- The Washington Times - Sunday, April 9, 2017

With Judge Neil Gorsuch confirmed to the Supreme Court, President Trump will now turn his attention to the more than 120 vacancies in the rest of the federal judiciary, giving him an unparalleled chance to shape the American legal system.

Nineteen of those vacancies are at the appeals court level, where judges have an extraordinary ability to affect the contours of the law and decide which issues reach the Supreme Court. And more than 90 openings await Mr. Trump’s decision in district courts.

President Obama, by contrast, had just 44 district court vacancies and 13 appellate vacancies when he took office in 2009.

Conservatives are urging Mr. Trump to take the opportunity seriously, and Sen. Ted Cruz, Texas Republican, has called on the president to field an “army of young, principled constitutionalists” to fill the openings — “a generation of 30-something and 40-something Scalias and Thomases.”

“We need judges who are faithful to the Constitution, who will apply the law as it is written rather than legislating from the bench and who demonstrate judicial humility so that they will not try to impose their own policy preferences on the decisions of the democratically elected branches of government,” Mr. Cruz told The Washington Times.

The White House declined to comment on the record, but senators, who have the duty to vote on the judicial picks, said they are seeing signs Mr. Trump’s team is ramping up its efforts.

Last month, the president made his first pick, tapping U.S. District Judge Amul Thapar, who sits in Kentucky, to a seat on the 6th U.S. Circuit Court of Appeals.

The pick appears to be sitting well with conservatives.

“He’s a very solid intellectual and also [has a] reliably conservative judicial philosophy,” said Curt Levey, president of the Committee for Justice.

Carl Tobias, a law professor at the University of Richmond School of Law, thinks it’s unlikely that Mr. Trump will fill all of the vacancies by next year.

“I think there’s going to be a huge gold rush because people want to have their [choices] nominated first, and it just takes time,” Mr. Tobias said of the senators giving their input to the White House.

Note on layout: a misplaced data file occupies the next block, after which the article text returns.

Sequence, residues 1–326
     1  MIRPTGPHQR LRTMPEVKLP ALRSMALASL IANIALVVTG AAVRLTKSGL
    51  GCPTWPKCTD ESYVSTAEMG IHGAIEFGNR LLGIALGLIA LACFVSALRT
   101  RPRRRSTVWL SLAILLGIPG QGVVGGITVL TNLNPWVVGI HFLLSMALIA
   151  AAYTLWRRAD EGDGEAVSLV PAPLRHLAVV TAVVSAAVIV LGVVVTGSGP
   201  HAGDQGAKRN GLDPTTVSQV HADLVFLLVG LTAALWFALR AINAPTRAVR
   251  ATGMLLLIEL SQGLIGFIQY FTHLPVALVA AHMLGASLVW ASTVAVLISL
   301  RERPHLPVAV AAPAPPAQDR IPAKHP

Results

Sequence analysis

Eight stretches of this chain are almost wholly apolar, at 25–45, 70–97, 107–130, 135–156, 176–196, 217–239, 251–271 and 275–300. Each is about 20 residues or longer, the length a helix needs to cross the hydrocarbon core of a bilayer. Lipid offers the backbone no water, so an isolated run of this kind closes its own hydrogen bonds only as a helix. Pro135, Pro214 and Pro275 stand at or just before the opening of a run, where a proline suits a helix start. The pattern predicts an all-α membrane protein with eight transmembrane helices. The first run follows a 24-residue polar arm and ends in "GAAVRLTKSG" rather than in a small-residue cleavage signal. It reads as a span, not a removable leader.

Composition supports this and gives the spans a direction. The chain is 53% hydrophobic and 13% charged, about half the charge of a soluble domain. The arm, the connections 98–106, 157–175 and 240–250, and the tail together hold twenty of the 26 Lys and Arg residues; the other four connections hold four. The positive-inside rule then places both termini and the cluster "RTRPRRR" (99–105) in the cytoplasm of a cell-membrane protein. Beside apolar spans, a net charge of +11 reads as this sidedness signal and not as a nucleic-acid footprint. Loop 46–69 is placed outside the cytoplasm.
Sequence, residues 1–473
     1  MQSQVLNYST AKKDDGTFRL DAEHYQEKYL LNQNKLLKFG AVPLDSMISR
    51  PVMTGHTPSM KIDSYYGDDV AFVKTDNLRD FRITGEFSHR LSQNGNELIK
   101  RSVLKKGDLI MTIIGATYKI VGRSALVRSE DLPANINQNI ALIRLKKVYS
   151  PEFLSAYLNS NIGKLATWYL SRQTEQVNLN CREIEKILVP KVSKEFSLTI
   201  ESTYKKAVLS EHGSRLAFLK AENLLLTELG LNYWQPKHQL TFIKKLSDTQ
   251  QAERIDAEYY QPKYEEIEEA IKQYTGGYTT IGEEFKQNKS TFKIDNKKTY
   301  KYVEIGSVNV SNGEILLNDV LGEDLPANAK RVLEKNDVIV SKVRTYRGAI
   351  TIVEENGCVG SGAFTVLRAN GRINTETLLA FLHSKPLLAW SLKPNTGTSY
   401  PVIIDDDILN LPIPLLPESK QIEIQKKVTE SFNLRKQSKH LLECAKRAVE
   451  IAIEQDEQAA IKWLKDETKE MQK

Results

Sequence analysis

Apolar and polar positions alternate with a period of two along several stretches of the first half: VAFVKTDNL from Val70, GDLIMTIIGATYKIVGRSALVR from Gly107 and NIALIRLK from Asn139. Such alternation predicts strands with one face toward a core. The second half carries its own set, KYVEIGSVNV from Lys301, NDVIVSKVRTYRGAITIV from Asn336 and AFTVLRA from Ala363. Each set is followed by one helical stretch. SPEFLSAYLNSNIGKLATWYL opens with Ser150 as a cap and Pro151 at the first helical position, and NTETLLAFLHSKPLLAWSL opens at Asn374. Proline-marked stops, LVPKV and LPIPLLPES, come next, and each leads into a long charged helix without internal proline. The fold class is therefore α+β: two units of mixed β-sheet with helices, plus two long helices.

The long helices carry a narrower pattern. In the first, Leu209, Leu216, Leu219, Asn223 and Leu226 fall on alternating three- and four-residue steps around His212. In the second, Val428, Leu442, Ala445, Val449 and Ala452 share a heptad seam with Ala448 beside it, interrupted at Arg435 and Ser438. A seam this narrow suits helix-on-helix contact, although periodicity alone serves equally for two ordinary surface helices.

He said that the nominees go through an FBI check and an evaluation by the American Bar Association.

Democratic presidents have traditionally given more weight to the bar association’s rating than Republican presidents — though in the case of Judge Gorsuch, Mr. Trump’s Supreme Court pick, Democrats brushed aside his stellar rating in voting against him.

Mr. Cruz’s hope of an army of conservative judges could founder on the shoals of Senate tradition, where lawmakers are given an unusual amount of input on the nominations.

One hurdle is the “blue slip” process, in which senators are asked to review judicial nominees who are slated to take seats in their home states. If both senators from the state don’t return their blue slips, the nomination is usually put on hold.

Judiciary Chairman Chuck Grassley, Iowa Republican, told reporters Friday that although “there’s been some exception to the blue slip rule,” he generally intends to follow the tradition for Mr. Trump’s nominees.

Although a president isn’t legally obligated to seek advice from senators about his federal judicial nominations, more than a dozen senators told The Times that they have been in communication with the White House and are working to fill openings in their states.

“The degree of consultation, frankly, varies from senator to senator, from position to position,” Mr. Levey said. “There’s more deference on district court nominations than there would be on appeals court nominations.”

In Texas, Sen. John Cornyn and Mr. Cruz established a bipartisan panel of leading lawyers in their state to identify qualified candidates for the senators’ review.

Sen. Christopher A. Coons, Delaware Democrat, said he has had a “very constructive conversation about the path forward” with the administration about filling the one district court opening in his home state.

Sen. Cory Gardner, Colorado Republican, said they have been “proactively communicating” about Colorado’s vacancy.

“We’re very close to sending them over our list for the district court,” said Mr. Gardner.

Mr. Levey said Mr. Trump is on schedule for picking judicial nominees.

He said President George W. Bush announced his first 11 nominees in May during his first year. President Obama made his first judicial nomination — for only one judge — in March of his first year.

Mr. Levey said he expects the White House to announce more about the vacancies after Judge Gorsuch is sworn in Monday.

“Had you asked me to predict, I would have said they would have given it very little thought by now, and yet instead, they do seem to be working a lot on it, from everything I hear,” said Mr. Levey. “I’ve been pleasantly surprised.”

• Alex Swoyer can be reached at aswoyer@washingtontimes.com.

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